1201: Interesting, isn’t it, how some of you spent time trying to grasp the lessons in this week’s blog post while others merely pretended to read? Your dedication, or lack thereof, will reveal itself as we begin to shift into high gear this year. (As if it weren’t already obvious.) You know, it’s almost as if some of you had preconceived notions about the blog — notions that prevent you from reaping any benefits from the experience. Think about that. (A pity that the ones who need it most, won’t.)
Regardless, the day is yours to work on projects and update your Websites.
What I Forgot to Mention: It’s been said elsewhere but I don’t want any confusion. Yes, post works in progress (unfinished projects). Yes, post your Webquest results (and list the members on your team — First Name + Last Initial). Yes, replace your original self-assessment with the new one. And be honest about following the rubric! No, you don’t deserve an A simply because you worked really hard. FOLLOW THE RUBRIC! The reasons you’ll use to justify your grade are spelled out in the videos.
Bonus: Are you becoming a typophile? When you get home, check this out.
1203: Don’t sweat getting the 3D renders and/or animations on your site for the Progress Report… Unless you can figure out how on your own. So easy and obvious! No penalty for missing 3D content. Bonus points for adding it though.
1204: What the Flagnog! I can’t believe you still need reminding. Watch this video!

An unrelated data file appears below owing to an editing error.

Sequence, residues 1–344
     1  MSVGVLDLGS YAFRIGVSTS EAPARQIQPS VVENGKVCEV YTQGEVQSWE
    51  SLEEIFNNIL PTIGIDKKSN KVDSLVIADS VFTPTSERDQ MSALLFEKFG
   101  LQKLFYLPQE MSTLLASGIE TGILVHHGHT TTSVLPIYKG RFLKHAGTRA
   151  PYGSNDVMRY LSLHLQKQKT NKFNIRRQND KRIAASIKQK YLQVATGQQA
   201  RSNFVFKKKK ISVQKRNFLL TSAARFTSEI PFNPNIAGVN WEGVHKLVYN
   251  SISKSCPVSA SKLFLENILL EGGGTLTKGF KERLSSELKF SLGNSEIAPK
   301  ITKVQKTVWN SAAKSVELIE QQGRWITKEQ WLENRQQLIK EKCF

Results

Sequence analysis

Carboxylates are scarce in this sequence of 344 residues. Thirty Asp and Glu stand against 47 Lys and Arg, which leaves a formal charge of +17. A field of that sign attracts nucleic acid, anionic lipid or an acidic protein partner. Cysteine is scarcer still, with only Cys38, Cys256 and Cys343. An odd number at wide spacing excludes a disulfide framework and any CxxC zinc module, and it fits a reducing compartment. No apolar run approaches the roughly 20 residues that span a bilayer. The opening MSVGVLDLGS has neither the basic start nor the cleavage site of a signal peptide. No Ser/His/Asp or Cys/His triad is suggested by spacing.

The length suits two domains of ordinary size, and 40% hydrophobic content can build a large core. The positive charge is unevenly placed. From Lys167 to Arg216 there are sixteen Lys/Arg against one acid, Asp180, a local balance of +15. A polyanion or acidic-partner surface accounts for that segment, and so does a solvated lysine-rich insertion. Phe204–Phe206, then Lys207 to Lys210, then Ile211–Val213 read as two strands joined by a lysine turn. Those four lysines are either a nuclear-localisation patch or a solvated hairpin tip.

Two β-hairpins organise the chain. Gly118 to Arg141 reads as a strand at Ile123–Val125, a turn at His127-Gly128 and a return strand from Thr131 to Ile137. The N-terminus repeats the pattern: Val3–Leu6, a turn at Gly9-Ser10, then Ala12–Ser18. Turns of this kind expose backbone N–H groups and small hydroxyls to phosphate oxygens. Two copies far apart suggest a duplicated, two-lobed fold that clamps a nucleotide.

A Look Ahead: Got DropBox? This is going to be required next week. If your Website is up to date, you might as well get a jump on it now. After signing up, launch DropBox (it’s in Applications), follow the steps, and let it create a DropBox folder on your computer at school and at home (you’ll need to download DropBox at home). Free back up and file syncing. Woot!
Last Reminder: 5 Hours of Fun™ tomorrow. Mac Lab Saturday School™ is 7:00 to 12:00 (we’re actually open from 6:15 to 11:40 but who’s counting?) And YES! Time and work on Saturday can and most likely will raise your grade.
We can do no great things, only small things with great love.
— Mother Teresa
Those two quotations stand at the top of a short chapter of an interactive newsletter that I wrote around the same time that some of you were busy being born. Last Friday, at high noon, I stood in front of an overflowing crowd in a church and addressed those who came to honor the memory of a man at the other end of life’s spectrum.
Yes, I stand up in front of you guys every day, but I’ve never done anything like that before. It was a small thing to do for the man who raised me. But trying to decide what to say and how to say it… Well, that was the real challenge.
Obvious as it was, it hadn’t occurred to me that I’d be expected to speak. We’ve talked about deadlines recently. Between all that was happening I only had a two hour window to craft the speech. Now that’s a deadline. My wife took our daughter out to give me space and just as I’ve advised you, when faced with the task of creating something original, I began with pencil and paper. The first hour was full of false starts, crumpled pages, and a few tentative ideas. Then, mercifully, miraculously, the Ah-Ha! moment.
Some of you have read Ender’s Game. You’ll understand when I say that I decided to take on the mantle of a Speaker for the Dead. For the rest of you, that means that I decided to speak the truth. And the truth isn’t always pretty.
My dad didn’t often take the easy way out and I decided the best way to honor him was to do the same. It was a hard thing to do. It was the right thing to do.
Today, I challenge you to do the right thing. Focus on your projects and dig deep to find your own truth. Create something personally meaningful, insightful, and beautiful. Yes, that’s truly a hard thing to do. But one day, when you’re called on to do something far harder, you’ll remember that you’ve risen to the challenge before. And, if you accept either challenge with an open mind and an open heart, your muse will step in to help you too.